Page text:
Russian Military spec 6L6?

wabash slim

I Bleed Orange
Feb 10, 2010
19,479
lafayette in
For the longest time, the Soviets continued to use tubes in military vehicles and aircraft as a safety precaution -vacuum tubes are immune / resistant to EMP blasts caused by nuclear explosions.
Same reasoning to keeping vehicles' ignition systems old school with points and plugs.

Of course, the Russians also experimented with steam powered aircraft and flying tanks.
 

Ricochet

Senior Gretsch-Talker
Gold Supporting Member
Nov 13, 2009
23,194
Monkey Island
I have not tried the Russian 6l6 variant but I do have a lifetime supply of 6n14p that are old stock Russian tubes in the EL84 vein. Love them great harmonic content but some of them, all had been tested as good by a good tech, have more ambient noise when idle than others. Once you hit a note that noise in not noticed. Sorry I can’t help with this 6l6 type. Oddly I bought these el84 variants because I got them dirt cheap and decided to try a couple then liked them so bought him out. If the price is right you could try a set and have a tech try to bias them.

Same here, I think I was looking at the cheapest JJs for $15 and these were $8 bucks straight from Moskou. No brainer.

I’d take NOS Rusky over Modern production.
 

juks

Country Gent
Gold Supporting Member
Nov 26, 2020
3,681
Fremont, California
Yeah, considering that they're one of the few places still making tubes.
Are tubes susceptible to EMF pulses?

I think somebody said no. But I'd think that any equipment these days has electronics too even if tubes are included. Hence they'd shut down even if tubes are fine.

China makes tubes too and one eastern European country. Czech Republic maybe?
 

LesB3

Synchromatic
Silver Member
Aug 17, 2021
508
Philadelphia, PA
Yeah, considering that they're one of the few places still making tubes.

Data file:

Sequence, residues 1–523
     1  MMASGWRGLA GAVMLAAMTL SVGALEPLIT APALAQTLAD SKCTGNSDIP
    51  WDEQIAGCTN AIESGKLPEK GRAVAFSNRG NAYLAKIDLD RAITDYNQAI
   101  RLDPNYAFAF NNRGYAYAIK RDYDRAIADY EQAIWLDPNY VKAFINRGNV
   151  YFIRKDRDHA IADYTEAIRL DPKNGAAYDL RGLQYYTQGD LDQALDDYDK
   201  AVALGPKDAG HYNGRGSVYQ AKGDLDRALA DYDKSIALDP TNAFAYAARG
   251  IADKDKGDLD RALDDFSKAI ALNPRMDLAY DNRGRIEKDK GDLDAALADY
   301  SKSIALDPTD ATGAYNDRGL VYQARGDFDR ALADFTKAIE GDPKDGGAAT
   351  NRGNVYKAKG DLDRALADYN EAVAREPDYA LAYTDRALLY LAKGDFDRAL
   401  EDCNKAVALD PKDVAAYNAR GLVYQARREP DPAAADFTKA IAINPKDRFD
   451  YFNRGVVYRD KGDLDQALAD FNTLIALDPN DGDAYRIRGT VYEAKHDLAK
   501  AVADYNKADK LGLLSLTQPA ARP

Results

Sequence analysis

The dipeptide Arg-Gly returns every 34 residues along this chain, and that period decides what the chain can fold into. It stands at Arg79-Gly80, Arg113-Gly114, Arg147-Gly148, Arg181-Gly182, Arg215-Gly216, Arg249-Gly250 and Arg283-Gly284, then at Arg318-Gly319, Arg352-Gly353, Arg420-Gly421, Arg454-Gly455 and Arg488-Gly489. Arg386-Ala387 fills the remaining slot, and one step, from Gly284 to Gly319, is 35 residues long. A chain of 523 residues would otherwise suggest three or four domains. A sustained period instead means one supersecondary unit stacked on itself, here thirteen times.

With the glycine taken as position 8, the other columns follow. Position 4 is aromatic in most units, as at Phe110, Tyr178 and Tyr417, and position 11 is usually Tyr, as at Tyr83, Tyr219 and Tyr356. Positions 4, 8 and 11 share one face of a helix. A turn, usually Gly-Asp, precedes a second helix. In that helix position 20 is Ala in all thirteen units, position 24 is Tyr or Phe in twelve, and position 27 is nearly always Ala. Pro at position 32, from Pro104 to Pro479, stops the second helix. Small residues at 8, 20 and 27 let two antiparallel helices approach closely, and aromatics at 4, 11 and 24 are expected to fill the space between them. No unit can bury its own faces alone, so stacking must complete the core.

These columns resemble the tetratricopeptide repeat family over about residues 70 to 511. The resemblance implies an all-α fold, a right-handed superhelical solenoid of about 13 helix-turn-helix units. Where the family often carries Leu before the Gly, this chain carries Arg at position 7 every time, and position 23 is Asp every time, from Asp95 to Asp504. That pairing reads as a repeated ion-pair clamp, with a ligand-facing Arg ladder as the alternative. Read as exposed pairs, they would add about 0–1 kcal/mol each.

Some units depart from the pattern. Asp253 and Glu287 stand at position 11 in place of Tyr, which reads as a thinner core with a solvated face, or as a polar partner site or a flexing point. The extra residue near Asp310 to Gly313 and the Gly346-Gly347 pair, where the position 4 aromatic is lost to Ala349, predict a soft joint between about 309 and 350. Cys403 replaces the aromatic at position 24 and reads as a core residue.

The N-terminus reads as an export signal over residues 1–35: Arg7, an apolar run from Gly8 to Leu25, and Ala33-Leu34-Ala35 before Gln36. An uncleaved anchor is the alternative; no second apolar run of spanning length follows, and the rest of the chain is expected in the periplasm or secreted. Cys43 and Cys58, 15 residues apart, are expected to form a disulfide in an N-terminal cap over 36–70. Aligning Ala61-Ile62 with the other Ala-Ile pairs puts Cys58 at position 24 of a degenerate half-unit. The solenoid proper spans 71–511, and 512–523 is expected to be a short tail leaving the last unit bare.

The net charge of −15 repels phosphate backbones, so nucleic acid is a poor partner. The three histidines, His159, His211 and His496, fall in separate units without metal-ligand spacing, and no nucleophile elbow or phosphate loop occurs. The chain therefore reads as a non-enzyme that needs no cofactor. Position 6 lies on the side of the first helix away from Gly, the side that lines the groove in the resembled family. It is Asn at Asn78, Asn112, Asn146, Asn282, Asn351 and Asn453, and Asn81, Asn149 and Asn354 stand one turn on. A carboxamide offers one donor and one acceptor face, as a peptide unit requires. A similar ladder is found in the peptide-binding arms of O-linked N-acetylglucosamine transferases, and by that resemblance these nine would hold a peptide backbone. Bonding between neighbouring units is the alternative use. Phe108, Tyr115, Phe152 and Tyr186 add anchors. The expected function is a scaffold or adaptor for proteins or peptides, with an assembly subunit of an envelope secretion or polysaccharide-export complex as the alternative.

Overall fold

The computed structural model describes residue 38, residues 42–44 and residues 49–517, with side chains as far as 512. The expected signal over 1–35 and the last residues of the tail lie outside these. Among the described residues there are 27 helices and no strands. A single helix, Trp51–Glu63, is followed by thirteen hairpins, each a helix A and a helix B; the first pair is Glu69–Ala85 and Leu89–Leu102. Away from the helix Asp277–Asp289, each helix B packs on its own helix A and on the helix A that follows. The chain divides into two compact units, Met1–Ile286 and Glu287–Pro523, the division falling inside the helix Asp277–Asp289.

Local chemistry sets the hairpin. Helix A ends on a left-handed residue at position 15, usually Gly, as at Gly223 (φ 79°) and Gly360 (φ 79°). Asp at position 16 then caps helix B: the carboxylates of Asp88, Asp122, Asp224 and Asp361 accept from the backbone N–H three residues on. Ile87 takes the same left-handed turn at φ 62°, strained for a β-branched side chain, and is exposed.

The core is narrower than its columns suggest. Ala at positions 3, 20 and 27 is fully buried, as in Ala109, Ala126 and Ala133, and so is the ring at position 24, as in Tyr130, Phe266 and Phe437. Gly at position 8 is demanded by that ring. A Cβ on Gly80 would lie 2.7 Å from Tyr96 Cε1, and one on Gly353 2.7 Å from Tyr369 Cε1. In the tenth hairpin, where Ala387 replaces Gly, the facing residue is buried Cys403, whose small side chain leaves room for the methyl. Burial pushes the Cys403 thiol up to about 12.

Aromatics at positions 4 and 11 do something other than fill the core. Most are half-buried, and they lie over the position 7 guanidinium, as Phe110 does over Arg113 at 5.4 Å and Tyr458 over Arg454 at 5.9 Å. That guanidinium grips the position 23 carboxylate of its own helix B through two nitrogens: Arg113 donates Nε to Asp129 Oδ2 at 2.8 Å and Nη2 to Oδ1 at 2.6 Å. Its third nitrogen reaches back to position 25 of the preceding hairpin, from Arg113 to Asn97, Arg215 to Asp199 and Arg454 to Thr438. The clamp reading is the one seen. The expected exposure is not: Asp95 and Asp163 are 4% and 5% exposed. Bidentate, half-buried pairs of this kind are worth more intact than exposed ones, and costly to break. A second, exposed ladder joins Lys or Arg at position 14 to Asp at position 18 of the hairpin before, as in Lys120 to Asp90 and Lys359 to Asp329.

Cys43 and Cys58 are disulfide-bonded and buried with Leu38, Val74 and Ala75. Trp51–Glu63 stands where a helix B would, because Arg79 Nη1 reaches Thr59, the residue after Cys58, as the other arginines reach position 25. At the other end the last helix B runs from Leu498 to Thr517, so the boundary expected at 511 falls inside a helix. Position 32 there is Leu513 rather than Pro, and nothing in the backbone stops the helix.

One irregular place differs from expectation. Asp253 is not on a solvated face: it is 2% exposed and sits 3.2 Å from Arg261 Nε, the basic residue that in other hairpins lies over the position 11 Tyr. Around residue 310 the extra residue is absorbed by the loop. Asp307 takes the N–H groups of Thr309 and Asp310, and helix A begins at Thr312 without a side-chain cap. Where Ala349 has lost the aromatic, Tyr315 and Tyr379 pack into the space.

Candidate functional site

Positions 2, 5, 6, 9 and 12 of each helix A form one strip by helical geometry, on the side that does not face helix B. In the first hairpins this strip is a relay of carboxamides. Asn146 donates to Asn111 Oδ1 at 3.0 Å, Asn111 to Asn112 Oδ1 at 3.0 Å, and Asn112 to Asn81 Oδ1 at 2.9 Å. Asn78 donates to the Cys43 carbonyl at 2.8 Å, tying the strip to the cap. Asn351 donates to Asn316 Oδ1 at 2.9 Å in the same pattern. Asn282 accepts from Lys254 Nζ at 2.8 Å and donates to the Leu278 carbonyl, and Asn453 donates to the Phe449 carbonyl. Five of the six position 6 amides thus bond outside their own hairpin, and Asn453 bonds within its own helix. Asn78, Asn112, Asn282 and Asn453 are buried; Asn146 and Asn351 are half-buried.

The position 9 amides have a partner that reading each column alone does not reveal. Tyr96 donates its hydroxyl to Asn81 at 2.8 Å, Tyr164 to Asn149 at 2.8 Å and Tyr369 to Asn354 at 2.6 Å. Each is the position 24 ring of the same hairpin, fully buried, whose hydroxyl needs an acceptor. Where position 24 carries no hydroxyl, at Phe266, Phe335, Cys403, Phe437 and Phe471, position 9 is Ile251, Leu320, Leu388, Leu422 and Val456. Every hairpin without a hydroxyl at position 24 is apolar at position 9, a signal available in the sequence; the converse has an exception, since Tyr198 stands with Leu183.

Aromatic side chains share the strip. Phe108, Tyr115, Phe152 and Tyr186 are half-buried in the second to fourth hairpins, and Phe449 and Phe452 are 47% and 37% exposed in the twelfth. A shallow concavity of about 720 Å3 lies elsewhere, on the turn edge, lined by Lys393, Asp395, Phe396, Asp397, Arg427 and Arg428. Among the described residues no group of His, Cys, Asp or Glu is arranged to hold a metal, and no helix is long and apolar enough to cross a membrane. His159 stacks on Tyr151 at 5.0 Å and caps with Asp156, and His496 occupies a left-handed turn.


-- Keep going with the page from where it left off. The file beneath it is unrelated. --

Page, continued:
Are tubes susceptible to EMF pulses?
EMF?


I think somebody said no. But I'd think that any equipment these days has electronics too even if tubes are included. Hence they'd shut down even if tubes are fine.
EMP affects certain electronics, not all. Semiconductors are particularly susceptible, so are things like radios that receieve any kind of RF signal. Just a bit of shielding can sometimes help.
 

hcsterg

Friend of Fred
Silver Member
Feb 13, 2012
7,061
France

Sorry to be late to the party... ;)

I had a look to @cowmoo 's pictures.

- The 1st series of tubes are well known here in France and were sold under different brands like RSD, Tronal, Zaerix... These are GT tubes (Glass Tubular), and the specs are usually rather in-between the 6L6G (coke bottle) and the 6L6GC (heavy duty ones, large glass tubular), even if some are labelled GC (RSD). These tubes are excellent sounding when pushed, due to their relative low degree of vacuum, but therefore their life duration is not the longest, and they tend to become microphonic (vibration sensitive) due to their construction. That's why I say they are "in-between", but there's exceptions...

1675182975326.png 1675183038854.png

The official plate dissipations - according to types - were as follow :
6L6M, 6L6G = 19W
6L6WGB/5881 Tung Sol = 22W
6L6GC RCA/GE = 30W

The rest of the characteristics are identical, following the basic class A operation data at : Vp=250V / Vscr=250V / Ip=72mA / Iscr=6mA / Vg=-13.5V

Note that you can put a GC type in lieu of a G, but usually not conversely, because you may burn the G type quickly (red plating) from excessive plate dissipation.

- The second series of tube are identical (even the boxes) to a NOS sextet that a friend brought me back from Russia year ago, but I never tested nor measured them, sorry... They have one little inconvenience though - at least for guitar amps : they are not anchored by the classic Fender clip retainers (no possible grip on the glass), you have to change them to a spring retainer à la Marshall (by the top)...

1675182898387.png

Both have been produced later by SovTek ( = Mike Matthews / EHX) and are possibly still available today...

A+!
 


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